When Jesus Christ returns to the earth that will in certain respects be perhaps the greatest single event in history, at least since the creation of man. It will be a pivotal point in man’s history and in the working out of God’s plan for mankind (Acts 3:19-21).
As we study various parts of the Bible dealing with this great event and the times immediately preceding it, we discover that it will occur to the accompaniment of a veritable chorus of sounding trumpets.
This great event which signals, among other things, the restoration of genuine peace, prosperity and joy to a suffering humanity. is prophesied and prefigured in the Bible in many different places. That this event is so prominent should not surprise us, because it is the very focal point of the gospel of the Kingdom of God, which is in various ways the theme of the Bible from one end to the other.
Among a variety of historical events which prefigure events relating to the return of Jesus Christ and the restoration of God’s government to the earth is a particular one I want to discuss in this article. Specifically I want to discuss the coronation of King Joash of Judah, and circumstances associated with it. and show you how Joash’s coronation prefigures the coming of Jesus Christ. Continue reading →
The statement “every eye will see him” (Revelation 1:7), is it a literal statement? I always figured Christ’s return would be a big event that would shake the whole world. Of course he could come like lightning, he could come any way that he wants. He could take a day or it could be instantaneous. From Scripture it seems that there will be no doubt when His coming takes place. The statement “even they who pierced Him,” to what is it referring?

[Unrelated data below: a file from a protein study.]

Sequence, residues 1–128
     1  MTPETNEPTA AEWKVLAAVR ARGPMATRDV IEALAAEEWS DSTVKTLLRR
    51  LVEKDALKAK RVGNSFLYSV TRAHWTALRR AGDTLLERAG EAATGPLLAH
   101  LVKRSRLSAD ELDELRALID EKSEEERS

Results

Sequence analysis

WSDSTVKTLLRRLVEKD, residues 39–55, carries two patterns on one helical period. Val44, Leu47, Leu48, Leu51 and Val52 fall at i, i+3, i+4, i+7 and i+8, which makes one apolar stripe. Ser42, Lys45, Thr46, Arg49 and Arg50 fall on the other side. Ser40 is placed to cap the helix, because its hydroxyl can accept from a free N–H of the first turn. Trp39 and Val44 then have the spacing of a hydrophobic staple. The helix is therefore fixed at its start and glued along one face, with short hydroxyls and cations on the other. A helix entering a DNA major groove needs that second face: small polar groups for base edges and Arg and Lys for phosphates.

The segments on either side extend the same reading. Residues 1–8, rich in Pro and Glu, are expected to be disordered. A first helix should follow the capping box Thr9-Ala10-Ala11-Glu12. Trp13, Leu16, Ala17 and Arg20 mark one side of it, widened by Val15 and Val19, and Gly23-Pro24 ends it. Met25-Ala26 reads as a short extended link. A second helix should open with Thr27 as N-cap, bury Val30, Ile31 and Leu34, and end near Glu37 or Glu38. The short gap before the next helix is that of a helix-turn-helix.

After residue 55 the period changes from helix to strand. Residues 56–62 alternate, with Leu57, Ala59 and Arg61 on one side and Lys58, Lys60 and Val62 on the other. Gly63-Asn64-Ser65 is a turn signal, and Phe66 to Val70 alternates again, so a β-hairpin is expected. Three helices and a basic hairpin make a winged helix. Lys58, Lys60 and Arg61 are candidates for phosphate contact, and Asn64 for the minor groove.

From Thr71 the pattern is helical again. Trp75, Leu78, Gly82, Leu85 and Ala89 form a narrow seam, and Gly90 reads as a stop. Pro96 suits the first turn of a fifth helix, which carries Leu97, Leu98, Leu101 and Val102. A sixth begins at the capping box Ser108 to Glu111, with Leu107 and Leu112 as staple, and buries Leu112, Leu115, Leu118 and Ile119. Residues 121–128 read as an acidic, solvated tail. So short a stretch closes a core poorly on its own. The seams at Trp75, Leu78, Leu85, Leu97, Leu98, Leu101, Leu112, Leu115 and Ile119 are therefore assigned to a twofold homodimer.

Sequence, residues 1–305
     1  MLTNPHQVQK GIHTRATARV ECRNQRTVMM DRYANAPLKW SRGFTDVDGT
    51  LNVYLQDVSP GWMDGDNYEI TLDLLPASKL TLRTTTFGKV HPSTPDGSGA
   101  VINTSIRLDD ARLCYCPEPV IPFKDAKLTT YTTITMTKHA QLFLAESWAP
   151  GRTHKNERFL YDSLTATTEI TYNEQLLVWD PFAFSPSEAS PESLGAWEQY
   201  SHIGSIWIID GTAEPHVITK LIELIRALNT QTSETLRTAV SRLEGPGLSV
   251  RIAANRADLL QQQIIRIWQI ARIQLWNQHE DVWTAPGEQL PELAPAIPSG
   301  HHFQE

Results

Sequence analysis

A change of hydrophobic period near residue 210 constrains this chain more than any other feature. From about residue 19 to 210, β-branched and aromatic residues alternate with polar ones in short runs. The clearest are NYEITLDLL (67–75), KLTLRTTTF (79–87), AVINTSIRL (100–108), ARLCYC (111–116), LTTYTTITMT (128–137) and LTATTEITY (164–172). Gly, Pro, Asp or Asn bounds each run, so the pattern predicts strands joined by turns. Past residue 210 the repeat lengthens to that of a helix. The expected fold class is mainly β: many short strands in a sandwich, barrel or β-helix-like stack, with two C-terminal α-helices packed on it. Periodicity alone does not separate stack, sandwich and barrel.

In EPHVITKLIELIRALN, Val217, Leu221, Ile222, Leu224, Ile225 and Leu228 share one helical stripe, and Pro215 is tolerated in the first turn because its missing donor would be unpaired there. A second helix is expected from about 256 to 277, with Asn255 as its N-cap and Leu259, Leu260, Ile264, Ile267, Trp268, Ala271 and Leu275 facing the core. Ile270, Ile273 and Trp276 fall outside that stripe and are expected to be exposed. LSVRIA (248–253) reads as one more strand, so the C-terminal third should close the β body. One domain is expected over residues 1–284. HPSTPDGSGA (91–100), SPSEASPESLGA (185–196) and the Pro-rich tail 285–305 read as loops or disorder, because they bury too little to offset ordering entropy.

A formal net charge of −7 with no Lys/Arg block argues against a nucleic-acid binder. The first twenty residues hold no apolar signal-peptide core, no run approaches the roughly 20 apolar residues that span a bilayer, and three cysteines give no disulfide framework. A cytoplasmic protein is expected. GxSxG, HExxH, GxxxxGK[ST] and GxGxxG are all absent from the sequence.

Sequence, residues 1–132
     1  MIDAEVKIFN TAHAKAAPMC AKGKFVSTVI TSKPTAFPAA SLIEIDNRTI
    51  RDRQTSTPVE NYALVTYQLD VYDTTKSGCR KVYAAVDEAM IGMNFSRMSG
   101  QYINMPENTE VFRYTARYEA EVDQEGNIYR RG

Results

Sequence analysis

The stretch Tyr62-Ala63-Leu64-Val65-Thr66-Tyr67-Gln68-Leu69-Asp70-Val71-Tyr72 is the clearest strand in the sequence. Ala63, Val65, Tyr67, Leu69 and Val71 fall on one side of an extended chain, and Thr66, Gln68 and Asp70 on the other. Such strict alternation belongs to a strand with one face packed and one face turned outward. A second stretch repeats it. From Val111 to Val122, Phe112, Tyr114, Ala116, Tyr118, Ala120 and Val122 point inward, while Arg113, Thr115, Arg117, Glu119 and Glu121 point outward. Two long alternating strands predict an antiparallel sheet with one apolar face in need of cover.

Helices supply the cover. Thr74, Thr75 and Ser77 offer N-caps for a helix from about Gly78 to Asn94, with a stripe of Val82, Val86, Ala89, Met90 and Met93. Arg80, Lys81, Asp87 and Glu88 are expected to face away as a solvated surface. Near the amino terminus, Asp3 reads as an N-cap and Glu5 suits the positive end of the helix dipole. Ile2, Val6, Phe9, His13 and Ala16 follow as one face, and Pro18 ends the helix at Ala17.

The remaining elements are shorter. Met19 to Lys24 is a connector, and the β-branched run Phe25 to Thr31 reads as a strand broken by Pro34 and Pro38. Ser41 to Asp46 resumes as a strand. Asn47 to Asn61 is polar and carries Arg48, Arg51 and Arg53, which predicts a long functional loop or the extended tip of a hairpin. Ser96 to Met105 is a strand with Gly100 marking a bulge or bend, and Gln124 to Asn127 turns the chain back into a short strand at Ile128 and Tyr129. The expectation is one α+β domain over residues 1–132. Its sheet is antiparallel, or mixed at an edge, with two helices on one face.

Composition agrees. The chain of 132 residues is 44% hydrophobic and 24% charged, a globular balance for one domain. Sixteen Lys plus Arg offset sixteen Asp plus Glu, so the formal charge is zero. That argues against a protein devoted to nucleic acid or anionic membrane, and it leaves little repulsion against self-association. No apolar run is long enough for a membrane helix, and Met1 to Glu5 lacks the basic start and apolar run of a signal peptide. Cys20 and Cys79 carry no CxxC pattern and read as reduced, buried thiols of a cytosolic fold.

Do the armies of the world unite to fight Christ at his coming or do they just end up in Israel fighting each other? Is the Beast defeated militarily before Christ’s return? Continue reading →
Are the commandments Christ taught different from the ones revealed in the Old Testament, as some allege? The Sabbath, tithing and certain other laws, the reasoning goes, are not included in the commandments Christ was referring to when he said, “If you love Me, keep My commandments” (John 14:15). This idea is hardly a new one. It was taught by second century teachers such as Justin Martyr and Irenaeus, and numerous others who followed down through the centuries. But what does God’s word say? Did Jesus teach a different set of commandments? Continue reading →
In Hebrews 9:28 we are told that Christ was once offered for sin and “He will appear a second time, apart from sin, for salvation.” No mention is made anywhere of a third coming. The noun used most often in the New Testament in reference to Jesus Christ’s return is parousia (from para and the present participle of eimi, meaning literally, to be alongside, or near; hence, presence). According to Vine’s it “denotes both an ‘arrival’ and a consequent ‘presence with’” [Vine's Complete Expository Dictionary of Old and New Testament Words, Nelson, 1985, "Coming (Noun)," p. 111, cf. 1 Corinthians 16:17; 2 Corinthians 7:6-7, 10:10; Philippians 1:26, 2:12; 2 Thessalonians 2:9]. Continue reading →
Scripture teaches that the resurrected saints will share in the glory of Christ! “…we are God’s children; and if children, then also heirs, heirs of God and fellow-heirs with Christ — if in reality we share His sufferings, so that we may share his glory too” (Romans 8:16-17, Williams Translation). What does it mean to have glory or to be glorified in the Biblical sense? The glory of God signifies the divine splendor, honor and majesty of his person, and the showing forth of his attributes. The glorified saints will share in the divine nature of God (II Peter 1:4), receiving the gift of eternal life (Romans 2:5-10). Yes, unbelievable as it may seem, given our fragile and transitory nature, like a “vapor that appears for a little time and then vanishes away” (James 4:14), we created and limited beings may be given his eternal life. Continue reading →